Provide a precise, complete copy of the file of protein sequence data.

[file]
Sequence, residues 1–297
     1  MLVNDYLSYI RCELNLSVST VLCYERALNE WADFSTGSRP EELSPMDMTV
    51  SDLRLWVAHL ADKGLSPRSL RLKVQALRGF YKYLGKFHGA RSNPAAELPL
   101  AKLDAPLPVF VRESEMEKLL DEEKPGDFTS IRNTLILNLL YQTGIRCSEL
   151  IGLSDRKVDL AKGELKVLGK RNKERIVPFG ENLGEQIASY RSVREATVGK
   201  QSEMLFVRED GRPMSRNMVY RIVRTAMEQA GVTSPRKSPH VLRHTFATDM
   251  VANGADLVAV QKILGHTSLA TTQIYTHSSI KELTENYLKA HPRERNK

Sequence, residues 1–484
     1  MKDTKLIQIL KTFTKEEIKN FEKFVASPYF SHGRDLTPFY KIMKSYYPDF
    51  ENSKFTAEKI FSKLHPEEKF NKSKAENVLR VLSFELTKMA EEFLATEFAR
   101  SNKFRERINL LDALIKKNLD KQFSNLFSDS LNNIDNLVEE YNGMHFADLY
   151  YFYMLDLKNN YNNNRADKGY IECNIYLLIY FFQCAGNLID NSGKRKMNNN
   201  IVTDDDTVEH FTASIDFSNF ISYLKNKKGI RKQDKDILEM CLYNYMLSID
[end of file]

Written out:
Sequence, residues 1–297
     1  MLVNDYLSYI RCELNLSVST VLCYERALNE WADFSTGSRP EELSPMDMTV
    51  SDLRLWVAHL ADKGLSPRSL RLKVQALRGF YKYLGKFHGA RSNPAAELPL
   101  AKLDAPLPVF VRESEMEKLL DEEKPGDFTS IRNTLILNLL YQTGIRCSEL
   151  IGLSDRKVDL AKGELKVLGK RNKERIVPFG ENLGEQIASY RSVREATVGK
   201  QSEMLFVRED GRPMSRNMVY RIVRTAMEQA GVTSPRKSPH VLRHTFATDM
   251  VANGADLVAV QKILGHTSLA TTQIYTHSSI KELTENYLKA HPRERNK

Sequence, residues 1–484
     1  MKDTKLIQIL KTFTKEEIKN FEKFVASPYF SHGRDLTPFY KIMKSYYPDF
    51  ENSKFTAEKI FSKLHPEEKF NKSKAENVLR VLSFELTKMA EEFLATEFAR
   101  SNKFRERINL LDALIKKNLD KQFSNLFSDS LNNIDNLVEE YNGMHFADLY
   151  YFYMLDLKNN YNNNRADKGY IECNIYLLIY FFQCAGNLID NSGKRKMNNN
   201  IVTDDDTVEH FTASIDFSNF ISYLKNKKGI RKQDKDILEM CLYNYMLSID